Recently on our bankruptcy forum a user asked, “I have recently finished college. I have tried to get a job but have been unable to find any work in my field of study. Now the college loan payments are due. What are my options for getting the college loan discharged, cancelled, or forgiven?”
Unfortunately, too many students complete their education only to find that they are unable to find employment related to their studies. They are also surprised to find that the lender does not care whether they are employed, they are happy with their education, or even whether or not they completed their college coursework. The lender has loaned them money, and as with all contracts, they expect to be repaid.
There are specific instances, however, when a federal school loan can be discharged. Let’s review the most common reasons.
When can a college loan be forgiven or discharged?
- Your school closes
Some students may qualify for a 100% discharge of their Federal Family Education Loan Program loan, the Federal Perkins Loan, or a Direct Loan if their school closes while they are enrolled or if it closes within 120 days of their withdrawal. Note, you will not be eligible for a discharge if the school closes after you have received your diploma.
- You become 100% disabled
Some students may qualify to have their federal college loan discharged if they can prove they have become 100% totally disabled. To prove this they will need to provide documentation from the US Department of Veteran affairs, the SSA, or notification from a doctor.
Information provided must include evidence that they are unable to “engage in any substantial gainful activity by reason of a medically determinable physical or mental impairment that will last at least 12 continuous months or will likely result in their death.”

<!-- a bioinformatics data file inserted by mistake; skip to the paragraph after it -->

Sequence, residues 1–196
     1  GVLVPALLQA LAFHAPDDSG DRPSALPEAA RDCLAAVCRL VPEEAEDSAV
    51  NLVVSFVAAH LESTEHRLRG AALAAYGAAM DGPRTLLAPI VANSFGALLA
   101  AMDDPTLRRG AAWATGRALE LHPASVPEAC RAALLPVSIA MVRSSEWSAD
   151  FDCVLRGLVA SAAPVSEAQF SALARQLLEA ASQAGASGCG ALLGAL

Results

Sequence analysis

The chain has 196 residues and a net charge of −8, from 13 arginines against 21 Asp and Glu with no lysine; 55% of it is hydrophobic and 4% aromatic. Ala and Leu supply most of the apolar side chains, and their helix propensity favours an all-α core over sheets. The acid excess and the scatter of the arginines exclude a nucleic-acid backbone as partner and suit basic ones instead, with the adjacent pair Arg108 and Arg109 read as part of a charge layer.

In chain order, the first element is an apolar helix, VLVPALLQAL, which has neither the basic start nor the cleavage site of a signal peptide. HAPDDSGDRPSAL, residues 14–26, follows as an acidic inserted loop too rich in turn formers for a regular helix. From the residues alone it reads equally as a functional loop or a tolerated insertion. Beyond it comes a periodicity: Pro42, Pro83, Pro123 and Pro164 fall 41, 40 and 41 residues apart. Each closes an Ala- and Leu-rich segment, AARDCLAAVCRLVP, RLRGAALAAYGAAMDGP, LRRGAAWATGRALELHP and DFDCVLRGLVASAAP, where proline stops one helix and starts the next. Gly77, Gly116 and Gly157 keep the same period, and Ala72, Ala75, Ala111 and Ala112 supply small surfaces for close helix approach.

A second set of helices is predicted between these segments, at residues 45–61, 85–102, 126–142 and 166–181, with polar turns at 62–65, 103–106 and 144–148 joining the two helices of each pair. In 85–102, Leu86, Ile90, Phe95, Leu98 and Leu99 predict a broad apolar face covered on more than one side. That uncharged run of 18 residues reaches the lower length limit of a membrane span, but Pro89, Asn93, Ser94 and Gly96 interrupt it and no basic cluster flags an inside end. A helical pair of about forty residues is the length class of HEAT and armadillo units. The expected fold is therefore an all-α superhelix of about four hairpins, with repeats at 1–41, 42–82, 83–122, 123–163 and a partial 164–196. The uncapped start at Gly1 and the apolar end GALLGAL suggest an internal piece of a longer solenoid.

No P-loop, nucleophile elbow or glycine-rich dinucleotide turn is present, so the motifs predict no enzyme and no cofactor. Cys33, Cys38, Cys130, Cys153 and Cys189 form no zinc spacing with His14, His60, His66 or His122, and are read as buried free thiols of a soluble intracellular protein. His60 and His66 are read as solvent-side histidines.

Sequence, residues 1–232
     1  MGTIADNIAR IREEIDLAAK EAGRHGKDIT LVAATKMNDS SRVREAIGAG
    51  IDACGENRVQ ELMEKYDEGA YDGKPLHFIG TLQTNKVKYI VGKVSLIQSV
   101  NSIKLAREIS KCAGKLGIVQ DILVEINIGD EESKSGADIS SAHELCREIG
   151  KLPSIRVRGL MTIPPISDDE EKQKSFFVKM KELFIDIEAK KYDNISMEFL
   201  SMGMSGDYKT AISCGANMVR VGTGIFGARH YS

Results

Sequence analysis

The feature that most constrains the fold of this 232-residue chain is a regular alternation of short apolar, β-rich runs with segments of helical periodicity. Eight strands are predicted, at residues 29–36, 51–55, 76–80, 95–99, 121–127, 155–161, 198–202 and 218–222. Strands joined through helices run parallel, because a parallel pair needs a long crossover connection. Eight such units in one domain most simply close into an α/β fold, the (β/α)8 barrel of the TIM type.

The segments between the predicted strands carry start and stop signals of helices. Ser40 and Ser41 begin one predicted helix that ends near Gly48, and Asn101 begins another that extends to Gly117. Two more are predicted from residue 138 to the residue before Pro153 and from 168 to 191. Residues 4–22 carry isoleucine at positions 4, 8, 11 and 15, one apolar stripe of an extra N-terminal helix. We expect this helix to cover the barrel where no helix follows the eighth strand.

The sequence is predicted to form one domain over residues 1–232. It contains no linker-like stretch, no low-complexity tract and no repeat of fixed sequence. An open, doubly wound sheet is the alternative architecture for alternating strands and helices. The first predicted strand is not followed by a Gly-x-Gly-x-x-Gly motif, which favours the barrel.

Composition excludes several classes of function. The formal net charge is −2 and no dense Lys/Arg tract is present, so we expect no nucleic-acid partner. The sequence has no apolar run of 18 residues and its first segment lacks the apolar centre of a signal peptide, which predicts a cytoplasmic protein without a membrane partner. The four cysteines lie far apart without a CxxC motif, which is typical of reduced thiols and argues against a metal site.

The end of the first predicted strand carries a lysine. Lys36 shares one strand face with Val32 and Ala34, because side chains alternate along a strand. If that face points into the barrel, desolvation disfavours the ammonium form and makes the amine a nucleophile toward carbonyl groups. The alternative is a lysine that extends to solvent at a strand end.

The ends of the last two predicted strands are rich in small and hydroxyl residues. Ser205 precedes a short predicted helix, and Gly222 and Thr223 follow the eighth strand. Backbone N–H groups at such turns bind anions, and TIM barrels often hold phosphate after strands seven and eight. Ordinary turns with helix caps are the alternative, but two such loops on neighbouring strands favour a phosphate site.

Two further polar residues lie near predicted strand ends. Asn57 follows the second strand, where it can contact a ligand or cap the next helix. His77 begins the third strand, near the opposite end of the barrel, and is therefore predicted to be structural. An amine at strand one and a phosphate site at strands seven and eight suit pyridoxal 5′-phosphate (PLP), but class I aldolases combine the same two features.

- The borrower dies
In some cases, if the borrower has died the federal college loan can be discharged. Evidence of the death must be provided to the school or to the loan servicer. Not all loans will qualify for discharge.
- Filing bankruptcy
Many students mistakenly believe that filing for bankruptcy will always discharge a federal college loan. Although a student loan is an unsecured debt, it is not readily discharged in bankruptcy.
In fact, to receive a discharge, you must prove to the court that repaying the loan will cause you undue hardship. Proving undue hardship includes proving that repayment would not allow you to continue to maintain a minimal standard of living, the hardship will continue throughout the loan repayment period, and you have made a “good faith” attempt to repay the loan prior to filing for Chapter 7 bankruptcy (which could be as long as 5 years).
Filers who cannot prove all three elements of the hardship argument will not have the loan discharged.
- Teacher and Public Service Loan forgiveness programs
Certain teachers who have been teaching full-time in a low-income elementary or secondary school or educational service agency for five consecutive years may qualify for loan forgiveness as well as some students who entered into certain public service jobs and have made up to 120 payments on Direct Loans (after Oct. 1, 2007).
Bottom line for a college loan:
Although most students will have to repay their college loan, there are certain students who may qualify for a college loan discharge.
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